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Environmental brief ~ India PM imposes ban on tiger gifts to foreign dignitaries

[JURIST] In Monday's environmental law news, facing a declining tiger population, India Prime Minister Manmohan Singh [official website] has banned gifts of live tigers to foreign dignitaries, established a wildlife crime prevention bureau, and created a taskforce of forest officials, wildlife experts and community leaders to report on the status of the tiger population. There are an estimated 2,000-4,000 tigers left in India, which account for about half of the world's tiger population. There had been over 40,000 tigers in India a century ago, but they have been killed largely for trophies and their supposed medicinal qualities. Reuters has the full story.

In other news,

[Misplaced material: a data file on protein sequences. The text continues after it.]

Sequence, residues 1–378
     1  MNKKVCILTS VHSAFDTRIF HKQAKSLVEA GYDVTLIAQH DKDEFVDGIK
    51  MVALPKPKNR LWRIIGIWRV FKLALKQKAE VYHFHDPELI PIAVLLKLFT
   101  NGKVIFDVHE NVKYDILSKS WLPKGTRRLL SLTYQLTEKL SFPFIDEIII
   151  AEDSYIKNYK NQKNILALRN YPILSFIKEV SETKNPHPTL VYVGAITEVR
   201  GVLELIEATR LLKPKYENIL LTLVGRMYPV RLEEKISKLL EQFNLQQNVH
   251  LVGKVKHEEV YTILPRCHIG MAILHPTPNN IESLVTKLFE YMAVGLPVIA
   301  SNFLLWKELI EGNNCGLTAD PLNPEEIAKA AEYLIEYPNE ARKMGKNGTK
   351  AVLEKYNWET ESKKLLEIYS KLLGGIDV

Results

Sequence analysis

• Japan has again refused to establish a timetable for the resumption of US beef imports. US Secretary of State Condolezza Rice brought up the issue Saturday during a visit to Tokyo. The ban has been in effect since late 2003, and in October 2004 Japan had agreed to allow beef imports once the technical details were worked out. The Japan Food Safety Commission [official website] hopes to have a final report ready for government approval in May. Reuters has the full story.

  • The European Commission [official website] has demanded that Poland reduce its plans [text PDF] for 2005-2007 CO2 emissions by 16.5 percent. Poland Ministry of Environment [official website] deputy minister, Tomasz Podgajniak, has responded by calling for the development of nuclear power plants. Poland is primarily powered by coal-fired power plants, and had planned to open a nuclear plant by 2022. The EC demand forces Poland to take immediate action to produce a clean energy supply. The Warsaw Business Journal has the full story.

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